Friday, June 28, 2013

Tremendous Tresses

The featured cards in our shop currently include images of women with beautiful, long hair.

Prior to the 1920s, the traditional hairstyles for women almost always seemed to include long hair. That hair might be pinned up to fantastic heights, but take out the pins and the hair fell well past the shoulders, sometimes to the waist, hips, or even farther. And, as anyone who's ever worn long hair knows, taking care of that extra long mane takes lots of time and effort. Which may be one reason that we look with such amazement at these images of women wearing their long and luxurious hair down, so that it accentuates their beauty and grace.

The first of our featured cards is, of course, the card that we will be giving away with our 1,000th purchase. (See details.) In this image, Cléo de Mérode wears her hair down and we can see that, at least in front, her hair descends below her bustline, indicating that the full length is almost certainly well down her back. As always, of course, she is lovely.

Exquisite Cleo De Merode Giveaway Card for 1,000th Purchase, circa 1900

The second of our featured images is a lovely photograph of an unidentified model, holding a bouquet of violet-colored flowers, whose hair falls down her back to arrive in the vicinity of her derriere. This model's hair may be the longest of those featured. The beautifully hand-colored card was published by Misange, most probably in either France or Germany sometime about 1910.

Polka Dots and Peonies. So Lovely. circa 1905/10

Our next featured image depicts an actress with beautiful long curls and a wild feathered hat. The expression on her face is so wonderful, making us think that she offers some words of wisdom for some wanderer. Perhaps, given the deliberately tattered nature of her gown, she is a fairy in disguise, and is about to gift some hero or heroine with some magical ability. Her hair, certainly, is worthy of any fairy queen.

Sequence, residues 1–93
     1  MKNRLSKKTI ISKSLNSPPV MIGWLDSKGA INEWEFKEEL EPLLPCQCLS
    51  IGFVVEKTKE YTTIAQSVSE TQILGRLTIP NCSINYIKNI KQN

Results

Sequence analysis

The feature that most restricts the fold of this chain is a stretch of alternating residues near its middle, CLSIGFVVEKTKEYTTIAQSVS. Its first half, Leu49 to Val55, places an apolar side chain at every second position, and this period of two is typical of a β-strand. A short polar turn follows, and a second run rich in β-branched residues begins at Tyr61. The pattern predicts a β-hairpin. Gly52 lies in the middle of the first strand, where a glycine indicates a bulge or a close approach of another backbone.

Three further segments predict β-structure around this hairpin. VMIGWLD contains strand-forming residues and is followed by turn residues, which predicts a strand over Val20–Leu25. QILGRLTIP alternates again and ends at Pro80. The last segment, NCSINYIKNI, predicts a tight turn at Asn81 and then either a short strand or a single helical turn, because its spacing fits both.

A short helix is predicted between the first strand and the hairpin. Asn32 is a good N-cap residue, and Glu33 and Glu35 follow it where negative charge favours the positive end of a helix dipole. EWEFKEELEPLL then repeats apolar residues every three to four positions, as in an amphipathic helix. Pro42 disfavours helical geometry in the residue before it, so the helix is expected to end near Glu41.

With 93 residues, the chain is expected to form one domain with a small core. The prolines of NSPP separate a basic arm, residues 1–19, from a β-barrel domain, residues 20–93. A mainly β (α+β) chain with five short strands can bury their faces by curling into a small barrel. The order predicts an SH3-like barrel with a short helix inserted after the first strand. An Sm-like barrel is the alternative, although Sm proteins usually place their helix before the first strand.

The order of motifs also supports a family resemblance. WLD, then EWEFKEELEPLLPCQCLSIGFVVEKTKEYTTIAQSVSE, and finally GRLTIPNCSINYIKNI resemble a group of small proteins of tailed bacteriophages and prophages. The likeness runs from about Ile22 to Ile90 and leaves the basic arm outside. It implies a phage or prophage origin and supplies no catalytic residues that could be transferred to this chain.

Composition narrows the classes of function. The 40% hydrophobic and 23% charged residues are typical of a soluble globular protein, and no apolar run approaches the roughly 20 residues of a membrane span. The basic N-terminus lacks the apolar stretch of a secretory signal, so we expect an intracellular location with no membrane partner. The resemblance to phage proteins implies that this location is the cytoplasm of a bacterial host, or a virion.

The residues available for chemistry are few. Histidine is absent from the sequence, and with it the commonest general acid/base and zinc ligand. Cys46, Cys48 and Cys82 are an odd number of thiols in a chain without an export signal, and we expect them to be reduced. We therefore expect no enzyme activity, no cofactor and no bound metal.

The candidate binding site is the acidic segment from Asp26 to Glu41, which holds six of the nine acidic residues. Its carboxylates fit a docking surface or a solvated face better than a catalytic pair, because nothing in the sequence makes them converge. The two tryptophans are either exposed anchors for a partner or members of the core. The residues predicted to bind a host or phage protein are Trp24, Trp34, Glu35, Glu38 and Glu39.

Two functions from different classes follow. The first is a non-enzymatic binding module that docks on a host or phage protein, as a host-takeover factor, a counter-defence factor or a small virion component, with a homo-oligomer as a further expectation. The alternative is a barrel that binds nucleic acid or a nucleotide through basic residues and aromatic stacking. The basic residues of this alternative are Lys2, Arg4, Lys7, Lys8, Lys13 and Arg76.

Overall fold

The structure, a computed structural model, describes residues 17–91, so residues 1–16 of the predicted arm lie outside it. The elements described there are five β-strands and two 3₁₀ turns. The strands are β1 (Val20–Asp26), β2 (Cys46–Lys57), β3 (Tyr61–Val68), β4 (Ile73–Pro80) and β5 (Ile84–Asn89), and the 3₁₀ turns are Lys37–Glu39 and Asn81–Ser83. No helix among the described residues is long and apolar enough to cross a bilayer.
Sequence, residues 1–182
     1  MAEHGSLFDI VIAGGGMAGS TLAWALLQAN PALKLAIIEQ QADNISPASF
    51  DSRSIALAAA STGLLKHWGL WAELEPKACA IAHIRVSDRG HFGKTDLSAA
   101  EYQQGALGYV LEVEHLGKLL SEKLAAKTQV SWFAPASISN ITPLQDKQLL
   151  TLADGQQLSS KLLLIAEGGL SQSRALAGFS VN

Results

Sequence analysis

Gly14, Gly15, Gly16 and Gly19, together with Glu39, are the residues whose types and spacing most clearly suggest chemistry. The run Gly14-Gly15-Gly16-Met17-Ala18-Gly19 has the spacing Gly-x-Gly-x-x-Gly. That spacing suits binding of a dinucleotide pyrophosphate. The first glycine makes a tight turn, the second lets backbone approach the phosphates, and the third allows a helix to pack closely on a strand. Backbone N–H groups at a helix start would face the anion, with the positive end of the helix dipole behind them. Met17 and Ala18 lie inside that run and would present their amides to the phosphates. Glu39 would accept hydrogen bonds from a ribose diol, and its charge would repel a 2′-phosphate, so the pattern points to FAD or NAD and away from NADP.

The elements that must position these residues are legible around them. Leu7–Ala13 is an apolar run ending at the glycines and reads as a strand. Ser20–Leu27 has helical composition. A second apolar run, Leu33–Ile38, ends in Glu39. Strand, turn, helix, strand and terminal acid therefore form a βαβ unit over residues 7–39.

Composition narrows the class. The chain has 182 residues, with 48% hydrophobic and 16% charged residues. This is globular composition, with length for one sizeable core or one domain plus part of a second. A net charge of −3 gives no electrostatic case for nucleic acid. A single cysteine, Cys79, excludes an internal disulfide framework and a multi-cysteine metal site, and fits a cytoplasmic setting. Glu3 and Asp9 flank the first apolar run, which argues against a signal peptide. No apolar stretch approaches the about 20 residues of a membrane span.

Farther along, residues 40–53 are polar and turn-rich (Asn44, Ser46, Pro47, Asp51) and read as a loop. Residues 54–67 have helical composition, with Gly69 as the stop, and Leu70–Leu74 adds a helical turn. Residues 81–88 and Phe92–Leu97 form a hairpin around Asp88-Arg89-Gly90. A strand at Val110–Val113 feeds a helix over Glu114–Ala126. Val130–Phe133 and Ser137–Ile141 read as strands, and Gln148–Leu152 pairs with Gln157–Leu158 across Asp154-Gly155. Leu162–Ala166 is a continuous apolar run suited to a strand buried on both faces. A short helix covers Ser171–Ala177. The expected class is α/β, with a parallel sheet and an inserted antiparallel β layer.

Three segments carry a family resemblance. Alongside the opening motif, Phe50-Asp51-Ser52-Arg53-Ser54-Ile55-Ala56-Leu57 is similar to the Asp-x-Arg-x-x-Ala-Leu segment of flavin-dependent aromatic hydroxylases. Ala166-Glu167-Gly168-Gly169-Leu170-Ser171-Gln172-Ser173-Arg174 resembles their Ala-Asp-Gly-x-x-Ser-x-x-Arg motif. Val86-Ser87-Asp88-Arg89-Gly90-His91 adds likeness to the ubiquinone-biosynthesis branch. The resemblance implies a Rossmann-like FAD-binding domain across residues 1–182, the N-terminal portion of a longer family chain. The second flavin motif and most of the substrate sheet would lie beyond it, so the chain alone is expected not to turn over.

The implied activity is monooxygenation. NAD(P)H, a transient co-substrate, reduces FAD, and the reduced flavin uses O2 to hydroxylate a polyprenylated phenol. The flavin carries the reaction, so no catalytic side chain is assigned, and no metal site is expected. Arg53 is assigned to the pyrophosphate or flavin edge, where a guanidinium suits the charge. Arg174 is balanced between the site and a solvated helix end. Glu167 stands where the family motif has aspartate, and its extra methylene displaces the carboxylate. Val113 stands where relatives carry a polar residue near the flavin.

Miry Cassari Belle Epoque Stage Performer in a Lovely Big Hat, dedicated, circa 1912

Of note is the fact that this is a signed card, apparently signed in 1912 following a stage performance in Beaune (pronounced almost as in the English word "bone"), Burgundy, which is between Paris and Geneva. Based on her signature, the actress' name is Miry Cassari, or perhaps Lassari, but we have been unable to find any information about her and she remains a mystery. This is a wonderful image, and in a way there is something wistfully romantic and magical about the autograph of a forgotten actress. So often we have read about the immortality of the old gods having been dependent upon the worship of their followers. Perhaps, merely through the appreciation of this fine, evocative image, we can breathe a little life into the "joie de vivre" expressed by this lovely young woman, so long ago, and share in some of it ourselves.

The final featured item is this lovely biogravure by Steglitz, circa 1905. The maiden portrayed in this image is crowned by a wreath of flowers, which, together with her long, unbound hair symbolizes Spring and the purity and innocence of youth. Appropriately, the photographer has captured her with her gaze turned down, deftly maintaining the Arcadian ambiance.

Crown of Flowers, Jugendstil Epoche Maiden, Biogravure by Steglitz, circa 1905